Posted 1 day ago
foxadhd:

Pizza Princess 


Who made this gif of me at work?!

foxadhd:

Pizza Princess 

Who made this gif of me at work?!

(Source: foxadhd.com)

Posted 2 days ago

markdoesstuff:

tonimorrisons:

hispanic parents have a sixth sense

this… this is mesmerizing. oh my god.

How is this only 6 seconds?

(Source: versaceslut)

Posted 2 days ago

niladmirai:

johnfkennedyofficial:

 

voxlunch:

camwoodstock:

shaggy2pope:

grimandhopeless:

These are all extremely fair points

the first one especially speaks to me on a spiritual level

the last one is the most true shit ever

boys get the good shit

girls get “sexy ___”

whats next “sexy object”

because that’s what people are seeing girls as

Windmill slam reblog

i get tired of seeing the last one and i’m a dude -_-

(Source: lospaziobianco)

Posted 3 days ago
Posted 4 days ago

PETITION FOR GINA TORRES TO PLAY WONDER WOMAN

tranarchistbitch:

amgkatt:

BECAUSE
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AND ALSOimage
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JUST
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LET ME JUST SAY

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IF YOU DON’T ALREADY THINK THIS WOMAN IS AN AMAZONIAN PRINCESS
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YOU ARE DOING IT TOO WRONG FOR WORDS.

Reblogging this again for reasons

Posted 4 days ago

So this little cigarette right here has sparked a whole new brand of TFiOS hate, much of which is coming from people who claimed to love the book. 

Many people are now pointing out how “pretentious” Augustus is, and I can’t help but think, You’re only just now realizing this. He was written to be a seemingly pretentious and arrogant person. The acknowledgement of this is actually highly important because, without it, the book loses the message that a hero’s journey is that of strength to weakness

Augustus Waters has big dreams for himself. He wants to be known and remembered; he wants to be a hero; he wants to be seen as perfect. But there’s already something standing in his way… He has a disability, and society tells him that a person cannot be both perfect and disabled. So what does he do? He creates a persona for himself. He tries to appear older and wiser than he is. But the pretentious side of him is NOT who he truly is. It’s all an act. (This is evident in the fact that he often uses words in the wrong context.)

And when his cancer returns, we begin to see his mask cracking. The true Augustus begins to bleed through… Hazel even takes notice of this from time to time. And by the time we get to the gas station scene, Augustus is no longer the picture of perfection he was when we met him. The play has been canceled. The actor must reveal himself. And he’s revealed to be a weak, defenseless boy, succumbing to the cancer that is made of him.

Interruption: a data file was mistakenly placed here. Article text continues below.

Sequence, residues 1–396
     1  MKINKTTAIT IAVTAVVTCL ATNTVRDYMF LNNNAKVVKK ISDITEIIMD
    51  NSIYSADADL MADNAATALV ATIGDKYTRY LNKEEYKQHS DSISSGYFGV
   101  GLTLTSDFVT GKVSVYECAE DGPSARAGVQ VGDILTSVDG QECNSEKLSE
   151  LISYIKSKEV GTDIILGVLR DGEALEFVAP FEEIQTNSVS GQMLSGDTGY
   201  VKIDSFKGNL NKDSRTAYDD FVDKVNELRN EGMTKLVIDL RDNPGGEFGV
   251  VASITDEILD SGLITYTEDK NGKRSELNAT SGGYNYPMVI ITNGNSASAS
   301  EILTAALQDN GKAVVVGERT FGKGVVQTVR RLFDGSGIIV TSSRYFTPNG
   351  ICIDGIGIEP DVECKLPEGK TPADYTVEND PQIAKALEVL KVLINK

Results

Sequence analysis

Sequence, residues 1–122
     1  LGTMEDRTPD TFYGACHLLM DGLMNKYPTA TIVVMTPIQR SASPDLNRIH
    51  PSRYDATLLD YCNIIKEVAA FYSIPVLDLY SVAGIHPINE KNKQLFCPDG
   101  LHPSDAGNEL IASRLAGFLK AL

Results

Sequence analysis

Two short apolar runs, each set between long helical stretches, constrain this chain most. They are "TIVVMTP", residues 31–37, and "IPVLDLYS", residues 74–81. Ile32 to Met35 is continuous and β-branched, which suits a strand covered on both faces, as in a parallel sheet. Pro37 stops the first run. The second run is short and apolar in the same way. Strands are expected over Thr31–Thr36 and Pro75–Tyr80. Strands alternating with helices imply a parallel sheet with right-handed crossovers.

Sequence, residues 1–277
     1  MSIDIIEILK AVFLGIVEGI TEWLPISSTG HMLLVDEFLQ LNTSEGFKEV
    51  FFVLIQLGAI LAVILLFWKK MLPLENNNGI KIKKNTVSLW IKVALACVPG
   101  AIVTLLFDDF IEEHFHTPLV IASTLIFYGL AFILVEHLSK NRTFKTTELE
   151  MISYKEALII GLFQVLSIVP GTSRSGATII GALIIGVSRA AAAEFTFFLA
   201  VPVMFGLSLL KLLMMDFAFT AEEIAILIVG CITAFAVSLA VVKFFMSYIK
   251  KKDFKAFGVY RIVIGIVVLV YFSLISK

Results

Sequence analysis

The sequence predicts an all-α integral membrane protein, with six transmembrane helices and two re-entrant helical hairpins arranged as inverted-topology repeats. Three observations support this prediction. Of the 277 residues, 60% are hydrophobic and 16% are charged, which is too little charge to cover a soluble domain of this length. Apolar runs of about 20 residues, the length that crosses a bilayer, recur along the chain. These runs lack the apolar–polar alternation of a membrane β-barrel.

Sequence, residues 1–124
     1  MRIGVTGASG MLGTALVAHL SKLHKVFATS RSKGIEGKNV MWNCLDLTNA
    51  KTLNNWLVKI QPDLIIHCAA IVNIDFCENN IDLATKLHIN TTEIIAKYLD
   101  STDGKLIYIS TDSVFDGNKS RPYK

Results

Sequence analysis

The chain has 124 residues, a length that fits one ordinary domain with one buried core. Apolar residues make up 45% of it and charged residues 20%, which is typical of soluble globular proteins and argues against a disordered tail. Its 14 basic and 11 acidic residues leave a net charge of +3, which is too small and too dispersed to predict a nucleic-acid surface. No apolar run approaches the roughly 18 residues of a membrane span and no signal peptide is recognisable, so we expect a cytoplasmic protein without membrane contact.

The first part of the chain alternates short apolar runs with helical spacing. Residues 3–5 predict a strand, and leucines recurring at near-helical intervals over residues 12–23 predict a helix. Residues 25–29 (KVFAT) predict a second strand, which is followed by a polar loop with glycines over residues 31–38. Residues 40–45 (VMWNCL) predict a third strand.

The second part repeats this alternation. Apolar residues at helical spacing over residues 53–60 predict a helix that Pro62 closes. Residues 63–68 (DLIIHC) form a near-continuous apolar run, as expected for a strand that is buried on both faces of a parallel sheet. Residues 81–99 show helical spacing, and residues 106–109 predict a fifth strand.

THE PRETENTIOUSNESS IS INTENTIONAL. It stands to show Augustus’s journey from flawless to flawed, from strong to weak. It’s the key to understanding that Augustus was the hero he always wanted to be, even if he didn’t realized it. 

(Source: tfios-changed-my-life)

Posted 4 days ago
Posted 4 days ago

198ft:

girls screenshot everything and then send it to their friends in a group chat and then laugh at people and that is why you should never trust us

To be fair, boys screenshot personal, private photos and send them to their friends and laugh about them and then the girl ends up blamed…

Trust no one.

Posted 4 days ago
I've been seeing a lot of people talk about Gus sounding really pretentious in the movie, do you think he sounds pretentious?
you-wish-you-had-this-url asked

fishingboatproceeds:

I mean, that scene is word-for-word from the book, so don’t blame the movie! :) Yes, Gus is super pretentious at the start of the story. it’s a character flaw.

Gus wants to have a big and important and remembered life, and so he acts like he imagines people who have such lives act. So he’s, like, says-soliloquy-when-he-means-monologue pretentious, which is the most pretentious variety of pretension in all the world.

And then his performative, over-the-top, hyper-self-aware pretentiousness must fall away for him to really connect to Hazel, just as her fear of being a grenade must fall away. That’s what the novel is about. That is its plot.

Gus must make the opposite of the traditional heroic journey—he must start out strong and end up weak in order to reimagine what constitutes a rich and well-lived life.

Basically, a 20-second clip from the first five minutes of a movie is not the movie.

(Standard acknowledgement here that I might be wrong, that I am inevitably defensive of TFIOS, that it has many flaws, that there’s nothing wrong with critical discussion, and that a strong case could be made that I should not insert myself into these conversations at all.)

Posted 4 days ago

harry-saved-my-life:

rainsweet:

will always reblog this story

Always